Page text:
The National Aerospace Laboratory NLR, conducts user projects through the DUC by providing support to scientists, industrial and commercial users of space platforms, such as sounding rockets, SpaceLab, and preparation for the ISS.The National Aerospace Laboratory NLR, conducts user projects through the Dutch Utilisation Centre (DUC) by providing support to scientists, industrial and commercial users of space platforms, such as sounding rockets, SpaceLab, and preparation for the ISS.
These projects are often carried out under a contract with the Netherlands Agency for Aerospace Programmes (NIVR) and ESA, in cooperation with the Space Research Organisation in the Netherlands (SRON).
DUC provides the technical, operational, administrative and promotion means for user and operations support, as well as scientific support from ground-based reserach centres and university laboratories. DUC also serves as a test-bed for further development of user operations, telescience, communication, and other technologies related to crew and user support, and as the focal point of contact within the Netherlands.
Since 1989, the DUC at NLR has been involved in activities aiming at the definition, development, implementation and operational use fo an infrastructure for user support.
Several Dutch industries and user-groups have taken part, under DUC coordination, in past missions such as IML-2.
DUC is a partner in the operation of the Facility Responsible Centre for the European Drawer Rack, at the Erasmus User Centre, at ESA ESTEC, Noordwijk, The Netherlands.
IDR/UPM is an institute of the Polytechnic for research in microgravity sciences and space technology.IDR/UPM is the Spanish USOC and will act for Spanish users of any discipline as the national point of contact for activities on the ISS. Besides, it will provide the services of promotion, familiarization and information provision.IDR/UPM was formally created as an independent institute in 1997 upon the team of the late Prof. I. da Riva, and employs presently 20 people.Microgravity research at IDR/UPM is mainly focused in Fluid Physics. To support on ground the preparation of microgravity experiments and carry out ground based research, the center includes a Microgravity Fluid Physics Laboratory equipped with a Drop Tower (15 m height), a Plateau Tank Facility, and several smaller facilities for performing capillary driven experiments. IDR/UPM participated in several microgravity missions ranging from Spacelab, to mini- and micro-satellites, sounding rockets, parabolic flights and drop towers.IDR/UPM has also long experience in the definition of experimental facilities, from the FPM in the 70s to the FSL in the 90s.IDR/UPM is assigned as FSC for FSL.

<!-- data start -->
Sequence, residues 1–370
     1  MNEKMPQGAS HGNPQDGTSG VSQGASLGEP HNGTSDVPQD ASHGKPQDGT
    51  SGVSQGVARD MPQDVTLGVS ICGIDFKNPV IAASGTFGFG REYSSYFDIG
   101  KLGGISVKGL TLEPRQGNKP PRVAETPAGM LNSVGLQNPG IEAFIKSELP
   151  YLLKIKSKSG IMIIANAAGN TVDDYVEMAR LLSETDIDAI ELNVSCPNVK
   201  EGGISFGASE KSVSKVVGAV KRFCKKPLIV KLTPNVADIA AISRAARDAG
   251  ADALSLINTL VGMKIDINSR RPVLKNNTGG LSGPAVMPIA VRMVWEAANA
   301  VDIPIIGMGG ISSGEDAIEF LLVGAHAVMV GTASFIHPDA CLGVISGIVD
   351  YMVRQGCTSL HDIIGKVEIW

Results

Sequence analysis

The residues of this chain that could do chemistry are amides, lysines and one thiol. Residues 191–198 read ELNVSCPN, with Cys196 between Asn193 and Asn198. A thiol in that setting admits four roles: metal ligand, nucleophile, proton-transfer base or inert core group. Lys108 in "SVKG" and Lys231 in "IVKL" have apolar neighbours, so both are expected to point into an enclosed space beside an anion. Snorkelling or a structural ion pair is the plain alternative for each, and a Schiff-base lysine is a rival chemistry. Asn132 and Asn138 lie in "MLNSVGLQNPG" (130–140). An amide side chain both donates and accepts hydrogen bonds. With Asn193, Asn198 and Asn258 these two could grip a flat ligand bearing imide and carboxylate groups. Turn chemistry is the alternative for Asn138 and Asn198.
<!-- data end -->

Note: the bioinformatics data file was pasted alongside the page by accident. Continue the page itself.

The ERASMUS User Centre at ESTEC, Noordwijk, is hosting the ISS User Information Centre and User Support and Operation Centre responsible for the EDR and EuTEF Facilities. The ERASMUS USOC will benefit from the experience and existing infrastructures available at ESTEC and completed with specific tools developed with the support of Dutch national programme and of Belgian contribution trough GSTP.The ERASMUS User and Operation Centre is supported by the B.USOC and the DUC for the operations preparation and execution.
MARS Center - Microgravity Advanced Research and Support Center
MARS is a Consortium between the University of Napoli "Federico II" and Alenia Spazio, established in 1988 to create a research centre active in microgravity Fluid Science research and support Institution to offer the necessary assistance for the preparation, execution and post-flight analysis of space experiments.
The Centre is equipped with a Fluid Science Laboratory, a computational center and a space missions (Texus 23-28-34), Maxus 1b-3, Maser 6-8, Spacelab D2, IML-2, LMS, MARS is also the Italian USOC on behalf of the Italian Space Agency (ASI) for all the Italian Facilities on-board ISS. The relevant past experience includes the participation in several microgravity missions gaining experience with most of available space platforms, ranging from Spacelab, to sounding rockets, to Russian Mir capsules and parabolic flights. User support has been provided both to Italian and Foreign Researchers: French team on Texus 28, D2-AFPM Pls and IML-2/LMS BDPU Pls, Foton 12.MARS is assigned as FRC for FSL and FRC for the EXPORT (External Payload).